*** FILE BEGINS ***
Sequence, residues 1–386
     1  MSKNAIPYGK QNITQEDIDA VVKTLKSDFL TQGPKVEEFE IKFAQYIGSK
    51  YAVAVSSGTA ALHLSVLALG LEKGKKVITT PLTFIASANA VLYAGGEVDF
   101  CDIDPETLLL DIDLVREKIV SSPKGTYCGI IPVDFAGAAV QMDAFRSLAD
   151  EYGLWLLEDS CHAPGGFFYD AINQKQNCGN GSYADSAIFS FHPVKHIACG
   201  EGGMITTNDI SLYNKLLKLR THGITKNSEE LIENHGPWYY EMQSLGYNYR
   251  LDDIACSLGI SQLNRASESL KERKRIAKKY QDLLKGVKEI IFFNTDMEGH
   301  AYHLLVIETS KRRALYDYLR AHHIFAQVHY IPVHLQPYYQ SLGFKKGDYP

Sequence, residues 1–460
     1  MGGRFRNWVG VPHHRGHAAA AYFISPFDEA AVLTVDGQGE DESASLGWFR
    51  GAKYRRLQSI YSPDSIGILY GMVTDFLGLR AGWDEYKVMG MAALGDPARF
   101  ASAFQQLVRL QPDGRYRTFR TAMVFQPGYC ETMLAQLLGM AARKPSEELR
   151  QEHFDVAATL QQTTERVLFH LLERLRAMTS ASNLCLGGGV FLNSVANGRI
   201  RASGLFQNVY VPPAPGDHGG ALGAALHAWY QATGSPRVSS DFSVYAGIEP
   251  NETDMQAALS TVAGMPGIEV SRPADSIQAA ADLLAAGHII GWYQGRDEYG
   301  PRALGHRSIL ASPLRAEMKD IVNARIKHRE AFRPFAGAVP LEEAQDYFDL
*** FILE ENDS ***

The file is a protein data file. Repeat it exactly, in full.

Sequence, residues 1–386
     1  MSKNAIPYGK QNITQEDIDA VVKTLKSDFL TQGPKVEEFE IKFAQYIGSK
    51  YAVAVSSGTA ALHLSVLALG LEKGKKVITT PLTFIASANA VLYAGGEVDF
   101  CDIDPETLLL DIDLVREKIV SSPKGTYCGI IPVDFAGAAV QMDAFRSLAD
   151  EYGLWLLEDS CHAPGGFFYD AINQKQNCGN GSYADSAIFS FHPVKHIACG
   201  EGGMITTNDI SLYNKLLKLR THGITKNSEE LIENHGPWYY EMQSLGYNYR
   251  LDDIACSLGI SQLNRASESL KERKRIAKKY QDLLKGVKEI IFFNTDMEGH
   301  AYHLLVIETS KRRALYDYLR AHHIFAQVHY IPVHLQPYYQ SLGFKKGDYP

Sequence, residues 1–460
     1  MGGRFRNWVG VPHHRGHAAA AYFISPFDEA AVLTVDGQGE DESASLGWFR
    51  GAKYRRLQSI YSPDSIGILY GMVTDFLGLR AGWDEYKVMG MAALGDPARF
   101  ASAFQQLVRL QPDGRYRTFR TAMVFQPGYC ETMLAQLLGM AARKPSEELR
   151  QEHFDVAATL QQTTERVLFH LLERLRAMTS ASNLCLGGGV FLNSVANGRI
   201  RASGLFQNVY VPPAPGDHGG ALGAALHAWY QATGSPRVSS DFSVYAGIEP
   251  NETDMQAALS TVAGMPGIEV SRPADSIQAA ADLLAAGHII GWYQGRDEYG
   301  PRALGHRSIL ASPLRAEMKD IVNARIKHRE AFRPFAGAVP LEEAQDYFDL